A matter of time
Hindsight might offer 20/20 vision, but it serves little practical purpose unless, in looking back, it serves to point the way forward.
A recent example is the case of Lea v Ward, which saw the court take a practical view when awarding damages, but which nevertheless resulted in considerable delays for the developer.
Mr Ward wanted to build six residential properties on part of his land over which a neighbour, Mr Lea, had a right of way. Mr Ward offered Mr Lea an alternative route across his land in exchange for surrendering his right of way. Unfortunately, discussions broke down, but Mr Ward began work on his development regardless.
The building works required some fencing to protect the public. This was erected in April 2015 and temporarily obstructed Mr Lea’s right of way until September (although Mr Lea only noticed after the fencing had been in place for three months).
It was only when Mr Ward subsequently erected some gate posts across the access in November 2015 that Mr Lea took him to court, claiming an obstruction of his rights and seeking an injunction against the development.
A costly delay
On the matter of the fencing, all parties agreed that Mr Lea’s right of way had been temporarily obstructed. But the provision of an alternative route, coupled with the fact that Mr Lea hadn’t noticed the obstruction for three months, led the judge to rule that the impact on Mr Lea had been minimal, and that Mr Ward should pay nominal damages of just £5.
The gate posts presented a more complicated issue. The crux of Mr Lea’s argument was that his right of way was at least 5 metres wide, whereas Mr Ward had narrowed it to just 2.25 metres in some places, constituting a permanent interference with his rights.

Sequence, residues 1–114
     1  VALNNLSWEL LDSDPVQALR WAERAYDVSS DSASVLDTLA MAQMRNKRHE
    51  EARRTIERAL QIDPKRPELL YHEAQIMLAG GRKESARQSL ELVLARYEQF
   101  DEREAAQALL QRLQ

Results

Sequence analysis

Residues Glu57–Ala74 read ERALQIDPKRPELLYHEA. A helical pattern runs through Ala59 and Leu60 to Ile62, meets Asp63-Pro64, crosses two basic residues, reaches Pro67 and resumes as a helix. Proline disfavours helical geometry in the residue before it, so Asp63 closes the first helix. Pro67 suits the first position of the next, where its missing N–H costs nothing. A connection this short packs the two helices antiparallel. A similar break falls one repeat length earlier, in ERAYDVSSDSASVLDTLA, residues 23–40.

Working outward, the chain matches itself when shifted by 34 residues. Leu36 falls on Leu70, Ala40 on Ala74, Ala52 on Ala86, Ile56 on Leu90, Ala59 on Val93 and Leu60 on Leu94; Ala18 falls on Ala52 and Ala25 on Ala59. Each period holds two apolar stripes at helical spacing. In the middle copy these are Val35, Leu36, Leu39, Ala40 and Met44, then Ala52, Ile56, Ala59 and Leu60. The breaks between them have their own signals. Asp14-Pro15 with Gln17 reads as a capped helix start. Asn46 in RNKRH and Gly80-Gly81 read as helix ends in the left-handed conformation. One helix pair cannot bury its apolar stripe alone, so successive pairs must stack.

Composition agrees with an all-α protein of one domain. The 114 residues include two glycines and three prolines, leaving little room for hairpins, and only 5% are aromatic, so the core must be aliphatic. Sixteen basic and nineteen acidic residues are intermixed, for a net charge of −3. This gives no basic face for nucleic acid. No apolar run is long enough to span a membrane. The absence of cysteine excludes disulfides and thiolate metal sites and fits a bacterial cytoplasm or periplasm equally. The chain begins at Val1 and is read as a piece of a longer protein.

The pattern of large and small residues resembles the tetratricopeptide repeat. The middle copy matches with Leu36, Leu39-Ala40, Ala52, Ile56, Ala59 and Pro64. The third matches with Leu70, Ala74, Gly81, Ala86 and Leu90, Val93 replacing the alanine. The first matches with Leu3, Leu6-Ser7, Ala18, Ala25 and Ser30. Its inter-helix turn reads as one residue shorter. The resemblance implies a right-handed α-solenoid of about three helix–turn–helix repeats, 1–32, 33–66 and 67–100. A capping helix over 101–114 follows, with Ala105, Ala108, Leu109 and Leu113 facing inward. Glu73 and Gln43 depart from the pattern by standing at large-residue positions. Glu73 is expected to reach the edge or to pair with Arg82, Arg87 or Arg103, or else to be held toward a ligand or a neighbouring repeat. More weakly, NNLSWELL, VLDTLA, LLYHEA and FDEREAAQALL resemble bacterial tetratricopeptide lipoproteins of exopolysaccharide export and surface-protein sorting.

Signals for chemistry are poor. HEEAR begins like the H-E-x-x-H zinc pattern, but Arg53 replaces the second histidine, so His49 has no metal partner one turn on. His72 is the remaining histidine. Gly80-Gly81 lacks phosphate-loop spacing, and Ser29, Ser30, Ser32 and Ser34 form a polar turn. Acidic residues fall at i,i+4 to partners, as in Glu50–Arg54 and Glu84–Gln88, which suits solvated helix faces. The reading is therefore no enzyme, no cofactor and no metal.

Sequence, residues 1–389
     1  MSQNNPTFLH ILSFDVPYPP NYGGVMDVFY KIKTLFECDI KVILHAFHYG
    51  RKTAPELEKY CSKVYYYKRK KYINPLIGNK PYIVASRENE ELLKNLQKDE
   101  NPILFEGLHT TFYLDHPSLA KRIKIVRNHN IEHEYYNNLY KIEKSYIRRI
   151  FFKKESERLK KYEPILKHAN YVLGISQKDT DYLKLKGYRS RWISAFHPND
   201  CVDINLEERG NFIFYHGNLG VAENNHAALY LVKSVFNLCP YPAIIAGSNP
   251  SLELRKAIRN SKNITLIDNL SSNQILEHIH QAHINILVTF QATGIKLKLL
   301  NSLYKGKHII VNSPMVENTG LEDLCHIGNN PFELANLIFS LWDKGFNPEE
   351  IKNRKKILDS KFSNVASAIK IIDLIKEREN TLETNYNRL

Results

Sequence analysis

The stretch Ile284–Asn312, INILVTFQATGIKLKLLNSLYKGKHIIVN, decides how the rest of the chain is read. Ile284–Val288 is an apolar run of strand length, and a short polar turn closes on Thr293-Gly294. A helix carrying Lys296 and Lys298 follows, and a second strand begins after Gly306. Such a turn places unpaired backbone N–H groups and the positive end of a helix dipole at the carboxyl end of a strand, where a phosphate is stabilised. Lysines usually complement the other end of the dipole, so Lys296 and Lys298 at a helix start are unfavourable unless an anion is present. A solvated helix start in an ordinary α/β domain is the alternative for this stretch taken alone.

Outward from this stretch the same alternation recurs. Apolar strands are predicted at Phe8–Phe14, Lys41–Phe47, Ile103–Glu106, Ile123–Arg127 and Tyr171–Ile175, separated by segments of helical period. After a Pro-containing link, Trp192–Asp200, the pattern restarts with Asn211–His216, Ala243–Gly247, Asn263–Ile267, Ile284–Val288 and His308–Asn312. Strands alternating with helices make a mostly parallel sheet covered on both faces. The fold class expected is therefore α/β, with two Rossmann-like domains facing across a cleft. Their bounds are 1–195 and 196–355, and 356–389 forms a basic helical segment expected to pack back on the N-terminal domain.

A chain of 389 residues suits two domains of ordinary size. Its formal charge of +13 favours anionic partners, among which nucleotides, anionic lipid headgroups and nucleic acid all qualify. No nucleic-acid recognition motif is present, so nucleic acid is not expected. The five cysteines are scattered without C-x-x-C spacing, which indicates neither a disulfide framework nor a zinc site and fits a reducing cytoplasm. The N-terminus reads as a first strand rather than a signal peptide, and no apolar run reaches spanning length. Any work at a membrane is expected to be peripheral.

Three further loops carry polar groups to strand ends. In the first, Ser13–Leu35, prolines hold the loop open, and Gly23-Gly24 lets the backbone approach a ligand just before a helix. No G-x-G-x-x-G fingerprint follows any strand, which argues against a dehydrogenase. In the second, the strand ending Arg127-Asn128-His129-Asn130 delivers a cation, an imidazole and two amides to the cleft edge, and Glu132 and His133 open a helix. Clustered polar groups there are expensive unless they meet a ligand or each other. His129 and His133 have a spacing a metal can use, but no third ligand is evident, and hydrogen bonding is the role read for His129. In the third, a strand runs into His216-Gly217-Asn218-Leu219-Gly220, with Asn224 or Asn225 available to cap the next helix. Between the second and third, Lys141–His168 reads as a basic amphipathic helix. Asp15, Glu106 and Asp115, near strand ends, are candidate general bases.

The judgment as to the width of the right of way is lengthy and involved but, in essence, the judge ruled that Mr Lea’s right of way was 4 metres wide. Mr Ward was ordered to alter the gate posts to widen the path, and pay Mr Lea damages of £500 for the obstruction of his rights.
The Court’s ruling was practical and fair. But the true cost to Mr Ward was the delay in being able to continue developing his land: Mr Lea issued proceedings in May 2016, holding up work until the final judgment was issued in September 2017.
Given the considerable delays that can be caused by injunctive proceedings, property owners need to tread carefully around a third party’s rights. Even contacting the third party to negotiate the release of rights, as Mr Ward did, can raise the risk of a dispute and potential proceedings. A good alternative to negotiating with third parties is often to consider the different types of insurance available, protecting against the risk of costly delays at the outset. For instance, our Obstruction of Rights cover might be worth considering if your client is seeking to build on land over which third parties have a historical right of way which has been altered or obstructed but could still be enforced.
Our underwriters take a practical view on every enquiry they receive, underwriting each case in a way that minimises as much risk to your client as possible while offering the most competitive premiums. Our cover not only helps keep property transactions moving through to completion, but also allows construction projects to continue without delay.
Should a claim threaten to interrupt construction, our expert claims team will do their utmost to ensure that delays are avoided or, if unavoidable, at least kept to a minimum. This edition's claims case study demonstrates an example of how we kept a construction project on track in the face of a claim.